The Bush campaign released a new 80-second Web video on Tuesday that strings together clips from interviews Trump has done over several decades that show him praising Democratic front-runner Hillary Rodham Clinton and voicing support for abortion rights, tax increases on wealthy Americans and the 2009 economic stimulus program.
After a town hall meeting at a Presbyterian school here, Bush explained his decision to go on the offensive, using explanations he's voiced before in English. But in Spanish, in response to questions from Spanish-speaking reporters, his tone and choice of words was sharper.
"He attacks me every day. He attacks me every day with barbarities," Bush said in Spanish in response to a question. "They’re not true. What we did today was to put out in his words to show that he’s not conservative. He supports people like Nancy Pelosi. He’s given money to Hillary Clinton. He was a Democrat longer than Republican. He’s said that he’s more comfortable being a Democrat. He doesn’t have a record, because he hasn’t been a person who has served like me, who served for eight years as governor. He’s not a conservative. That’s my point."
"He’s not conservative. He doesn’t have a career that you could say is conservative," Bush said later in Spanish. "And beyond that, he personalizes everything. If you’re not totally in agreement with him, you’re an idiot, or stupid, or you don’t have energy or 'blah blah blah.' That’s what he does. That doesn’t work – there are millions of people who today are thinking that their future isn't the way it should be."
Trump has repeatedly mocked Bush at campaign rallies and on Twitter as a "low-energy" candidate.
When an English-speaking reporter asked Bush why the Trump-Bush feud has become more personal, he said: "It’s all personal for him, sure. Mischaracterizations of my long-standing views. I’ve written a book about it, if he was interested in actually knowing my views, he could read the book and he would know that I’m for border security in a practical way that won’t cost billions of dollars."
In English, Bush added: "What we put out was simply a simple statement in his own words. His own words. His own words. That the single-payer system is a great idea. Well, most conservatives find that to be perhaps the worst idea. That he has supported higher taxes. I cut taxes every year. That he’s pro-choice. I’ve been consistently, in a very loving way, pro-life. You look at his record of what he believes, he supports Democrats. While I was campaigning for Republicans in this state and all across the country – conservative and like-minded candidates, he was supporting Hillary Clinton and thinks Hillary Clinton would be a good negotiator as it relates to our deal with Iran. This is not a guy who is a conservative. Using his own words is not a mischaracterization, it came out of his own mouth."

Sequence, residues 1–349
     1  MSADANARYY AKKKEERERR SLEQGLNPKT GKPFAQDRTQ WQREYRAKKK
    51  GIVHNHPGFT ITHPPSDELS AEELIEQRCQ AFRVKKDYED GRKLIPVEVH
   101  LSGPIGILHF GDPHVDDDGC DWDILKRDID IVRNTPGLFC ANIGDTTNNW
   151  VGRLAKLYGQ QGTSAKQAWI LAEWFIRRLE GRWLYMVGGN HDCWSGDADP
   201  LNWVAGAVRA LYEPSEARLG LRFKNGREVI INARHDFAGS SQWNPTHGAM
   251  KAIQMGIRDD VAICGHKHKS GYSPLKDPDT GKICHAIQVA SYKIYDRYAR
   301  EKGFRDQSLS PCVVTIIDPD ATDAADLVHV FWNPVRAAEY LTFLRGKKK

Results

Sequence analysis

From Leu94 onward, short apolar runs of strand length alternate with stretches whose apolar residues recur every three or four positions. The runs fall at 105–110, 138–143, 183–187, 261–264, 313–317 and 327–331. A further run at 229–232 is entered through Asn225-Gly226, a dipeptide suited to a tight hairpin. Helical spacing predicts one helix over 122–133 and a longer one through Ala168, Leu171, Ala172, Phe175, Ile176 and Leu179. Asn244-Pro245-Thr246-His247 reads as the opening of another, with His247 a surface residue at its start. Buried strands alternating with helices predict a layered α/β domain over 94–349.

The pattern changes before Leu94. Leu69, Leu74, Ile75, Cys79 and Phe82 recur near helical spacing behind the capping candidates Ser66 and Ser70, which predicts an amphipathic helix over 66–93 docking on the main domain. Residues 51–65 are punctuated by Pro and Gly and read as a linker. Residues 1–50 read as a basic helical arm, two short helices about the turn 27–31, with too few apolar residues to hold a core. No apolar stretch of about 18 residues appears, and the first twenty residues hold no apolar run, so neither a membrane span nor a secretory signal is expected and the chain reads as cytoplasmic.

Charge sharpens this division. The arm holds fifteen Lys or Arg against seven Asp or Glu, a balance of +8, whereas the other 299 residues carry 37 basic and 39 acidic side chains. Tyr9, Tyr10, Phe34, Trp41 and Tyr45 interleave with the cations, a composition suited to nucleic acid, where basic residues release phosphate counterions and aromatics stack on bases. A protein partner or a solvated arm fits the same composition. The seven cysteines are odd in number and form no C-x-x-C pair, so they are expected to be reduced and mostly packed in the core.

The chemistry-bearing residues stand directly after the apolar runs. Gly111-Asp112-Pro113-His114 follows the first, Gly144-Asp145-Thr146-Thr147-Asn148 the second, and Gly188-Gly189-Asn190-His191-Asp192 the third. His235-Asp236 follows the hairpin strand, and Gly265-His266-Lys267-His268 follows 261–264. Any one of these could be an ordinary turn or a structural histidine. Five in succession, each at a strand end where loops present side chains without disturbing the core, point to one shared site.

Bush spoke with reporters after touring La Progresiva Presbyterian School, an institution that has benefited from the education reforms he enacted as governor and has championed as a private citizen. After touring the school, Bush met with about 200 students, ranging in age from 14 to 18 -- born just within the years that Bush was governor.
Ten students asked him a questions about the national debt; his favorite food ("Mexican," he said); gun violence (Americans should focus on helping the mentally ill who commit crimes); and student loan debt (He'll unveil a plan next month and urged reporters in attendance to "actually write about it.").
Two students asked about immigration reform. In Spanish, one senior asked him whether the children of undocumented immigrants should be able to receive financial aid and what might happen to them as the debate roils on.
"El clima politico es dificil en esto sentido," he said in Spanish -- the political climate is difficult on this issue. But he assured the students, "Yo tengo mi manera de ver las cosas" -- I have my way of seeing things, and he said he will stick to them.
When another student asked whether he supports a pathway to citizenship for undocumented immigrants, he replied: "I believe there ought to be a path to legal status.
"That to me seems to be the consensus approach that would get us to solve this problem," he added.
Finally, Bush was asked to take a "selfie" with the senior class. He -- and his aides -- eagerly obliged and he asked for a copy of the photo.
"Send me a copy," he told one of the students. "Send it to my e-mail: Jeb-at-jeb-dot-org."
Update: Trump responded Tuesday.